[PD] gridflow for expert people ?

Kyle Klipowicz kyleklip at gmail.com
Sun Dec 9 19:15:10 CET 2007

Oh I would love it if GridFlow was out of box included with
Pd-extended. It would be a nice asset to compete with the linear
algebra aspects of Jitter...

I agree that the setup is difficult. I haven't gotten it to work on OS
X yet. Who _has_ installed GF on OS X? I wonder how difficult it would
be to make as a self-contained application. It seems to rely on
several shared libraries and an installed version of Ruby...not an
easy task?


On Dec 9, 2007 10:44 AM, Jack <jack at rybn.org> wrote:
> OK, it seems that GF is a powerfull tool. But why there is no basic tutorial
> for beginner to install it ?
> Because :
> 1 : Install Ruby. Make sure it contains ruby.h and intern.h and related
> files. It's also recommended to have libruby.so. Those extra files may be in
> a package called ruby-dev if you are using RPM or DEB/FINK. If you are
> building Ruby yourself, it's better to configure ruby with --enable-shared,
> else you won't have libruby.so (but you will still have libruby.a). If you
> need to have two Rubies at once, for example Ruby 1.8 for running Rails and
> Ruby 1.9 for running GridFlow, you may build Ruby 1.9 with the option
> --program-suffix=19 which will help distinguish the two Rubies. It's also
> possible to have two Rubies installed without that option, but it might be
> complicated. If you install into a system directory, you may have to run
> ldconfig after installing Ruby.
> 2 : Download GridFlow from the website and uncompress it, or get it from the
> CVS server.
> 3 : Run ./configure from the gridflow directory. Make sure it detects all
> the components you want to use with GridFlow. If your OS is Debian or Ubuntu
> you would run ruby1.9 configure instead so that it doesn't use ruby 1.8. In
> MacOS you would normally use FINK to install those extra components: libjpeg
> libjpeg-shlibs libpng-shlibs libpng3 libpng3-shlibs libmpeg libmpeg-shlibs
> 4 : Note: you may have to set CPLUS_INCLUDE_PATH to indicate where to find
> *.h files, and you may have to set both LIBRARY_PATH and LD_LIBRARY_PATH to
> indicate where to find *.so or *.aor *.dylib or *.bundle or *.dll or *.lib
> files.
> 5 : Note: you can do ./configure --help to get a list of supported options.
> You can use them to ignore the presence of troublesome libraries and select
> debugging level. With --use-compiler you should use a version of g++, not
> directly a version of gcc, else you get undefined symbol problems. Some
> versions of gcc/g++ are troublesome.
> 6 : Run make to produce the executables gridflow.so and gridflow.pd_linux or
> similar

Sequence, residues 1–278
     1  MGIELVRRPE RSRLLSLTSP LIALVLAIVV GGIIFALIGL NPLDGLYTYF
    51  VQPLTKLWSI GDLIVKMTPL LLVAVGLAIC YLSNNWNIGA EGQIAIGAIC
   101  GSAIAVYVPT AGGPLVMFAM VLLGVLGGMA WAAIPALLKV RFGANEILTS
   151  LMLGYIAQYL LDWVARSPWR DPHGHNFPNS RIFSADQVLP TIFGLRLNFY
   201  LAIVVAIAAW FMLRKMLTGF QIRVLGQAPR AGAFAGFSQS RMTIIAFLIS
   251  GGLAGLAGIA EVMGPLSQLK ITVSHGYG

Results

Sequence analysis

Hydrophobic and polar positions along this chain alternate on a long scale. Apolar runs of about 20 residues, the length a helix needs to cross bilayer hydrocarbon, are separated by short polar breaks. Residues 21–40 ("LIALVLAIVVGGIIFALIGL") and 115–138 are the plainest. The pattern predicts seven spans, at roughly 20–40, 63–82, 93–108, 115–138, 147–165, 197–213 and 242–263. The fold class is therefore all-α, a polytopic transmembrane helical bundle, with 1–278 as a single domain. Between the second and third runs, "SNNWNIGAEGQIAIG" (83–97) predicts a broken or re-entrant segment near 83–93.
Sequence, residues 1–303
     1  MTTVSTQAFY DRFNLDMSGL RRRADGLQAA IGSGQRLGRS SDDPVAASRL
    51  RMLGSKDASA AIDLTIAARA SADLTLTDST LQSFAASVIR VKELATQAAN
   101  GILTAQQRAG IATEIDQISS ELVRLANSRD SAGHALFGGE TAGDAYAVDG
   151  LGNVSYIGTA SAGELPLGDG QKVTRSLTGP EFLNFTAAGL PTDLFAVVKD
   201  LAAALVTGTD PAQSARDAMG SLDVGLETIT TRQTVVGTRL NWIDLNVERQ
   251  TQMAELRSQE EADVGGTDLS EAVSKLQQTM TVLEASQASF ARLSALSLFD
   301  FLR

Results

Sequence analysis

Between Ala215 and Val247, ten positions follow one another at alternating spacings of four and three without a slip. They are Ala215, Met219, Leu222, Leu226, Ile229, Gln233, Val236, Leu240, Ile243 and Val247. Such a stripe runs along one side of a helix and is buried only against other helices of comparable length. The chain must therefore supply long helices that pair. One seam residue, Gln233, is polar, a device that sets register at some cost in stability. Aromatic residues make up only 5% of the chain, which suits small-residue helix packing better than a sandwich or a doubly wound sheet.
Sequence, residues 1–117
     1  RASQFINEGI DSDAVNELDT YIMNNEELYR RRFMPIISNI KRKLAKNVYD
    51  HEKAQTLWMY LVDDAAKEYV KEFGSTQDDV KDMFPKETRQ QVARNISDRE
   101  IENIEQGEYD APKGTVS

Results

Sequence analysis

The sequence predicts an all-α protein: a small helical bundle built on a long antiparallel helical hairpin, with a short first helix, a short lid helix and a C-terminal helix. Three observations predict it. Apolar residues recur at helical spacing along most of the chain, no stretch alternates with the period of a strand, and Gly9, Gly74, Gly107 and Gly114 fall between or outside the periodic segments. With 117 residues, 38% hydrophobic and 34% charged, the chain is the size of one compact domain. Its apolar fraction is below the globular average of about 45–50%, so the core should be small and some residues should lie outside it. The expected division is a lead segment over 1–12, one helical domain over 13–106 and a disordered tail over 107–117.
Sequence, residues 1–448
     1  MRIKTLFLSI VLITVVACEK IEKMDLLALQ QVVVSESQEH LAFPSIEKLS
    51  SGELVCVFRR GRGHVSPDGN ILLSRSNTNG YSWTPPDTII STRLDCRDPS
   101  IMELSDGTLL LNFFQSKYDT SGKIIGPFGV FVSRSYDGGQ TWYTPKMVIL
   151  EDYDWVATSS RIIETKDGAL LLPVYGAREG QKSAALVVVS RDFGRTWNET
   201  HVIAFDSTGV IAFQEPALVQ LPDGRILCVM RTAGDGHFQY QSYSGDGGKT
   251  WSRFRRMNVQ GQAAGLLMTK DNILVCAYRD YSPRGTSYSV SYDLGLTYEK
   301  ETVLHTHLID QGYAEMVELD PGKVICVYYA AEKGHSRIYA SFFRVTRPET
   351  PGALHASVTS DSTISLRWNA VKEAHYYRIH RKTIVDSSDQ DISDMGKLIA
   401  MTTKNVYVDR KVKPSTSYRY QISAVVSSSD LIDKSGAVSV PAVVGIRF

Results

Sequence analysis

> 7 : With a text editor, create ~/.gridflow_startup and write something like
> GridFlow.data_path << "/pd/extra/gridflow/images" to tell GridFlow where to
> find additional folders containing images or movies you want to use with
> GridFlow.
> 8 : Ltilib (optional, linux only): The LTI-Lib is an object oriented library
> with algorithms and data structures frequently used in image processing and
> computer vision.
> 1 : Download and install ltilib version 1.9.15 from
> http://ltilib.sourceforge.net/
> 2 : in optional/rblti do: make
> 9 : Loading GridFlow:
> 1 : PureData : With a text editor, modify or create ~/.pdrc and write -lib
> gridflow.
> 2 : ImpureData : In the ".pdrc editor", add gridflow to the list of
> libraries.
> 3 : plain Ruby : the command require "gridflow" will load gridflow.so.
> Note that on MacOS the dot-files are invisible in the Finder but you do cd
> ~/Desktop; ln -s ../.pdrc "PureData Configuration" to make an alias on the
> Desktop. Note also that on Windows the dot-files are even more trouble.
> 1) Where to DL Ruby and how to install it (macosx) ?
> 2) OK
> 3) With Macosx, how to use Fink (what we do with it ?) what can we do with
> Fink to configure GF ?
> 4) Set CPLUS_INCLUDE_PATH : where is it and what is it ? Where to find *.h
> files : where is it ans what is it ?  And you may have to set both
> LIBRARY_PATH and LD_LIBRARY_PATH : where is it and what is it ? To indicate
> where to find *.so or *.aor *.dylib or *.bundle or *.dll or *.lib files :
> idem ?
> 5) It's like chinese langage for me.
> 6) OK
> 7) And we save it on the desktop ?
> 8) For linux only (equivalent for OSX ?)
> 9) OK
> Note) On MacOS the dot-files are invisible in the Finder : are you sure ?
> I think a clear documentation is good for people like me. Then we could
> install GF without problem. This would multiply the chances to have GF by 10
> ? ;).
> Why GF is not include with pd-extended ?
> Thanx for your answer.
> Jack
> Le 8 déc. 07 à 21:30, Mathieu Bouchard a écrit :
> On Sat, 8 Dec 2007, Roman Haefeli wrote:
> i wouldn't say that gridflow is only for expert people, but yes, there is a
> lot to learn, when learning gridflow. and learning it is very interesting. i
> don't have an academical/mathematical background and for me gridflow is one
> of these tools, that help me understand theories, that i wouldn't have a
> chance to understand whithout seeing them implemented and working. this
> applies also very much to pd, i think. would you consider pd to be a tool
> only for dsp experts and academic musicians?
> Exactly. GridFlow is designed like Pd is, while GEM and PDP both try to hide
> much more about video and other data types, than what Pd ever hides. (One
> hides less, by allowing lots of data converters and data operations in a way
> that you can access the data the way you want, instead of having to rely
> solely on readymades)
>  _ _ __ ___ _____ ________ _____________ _____________________ ...
> | Mathieu Bouchard - tél:+1.514.383.3801, Montréal QC Canada
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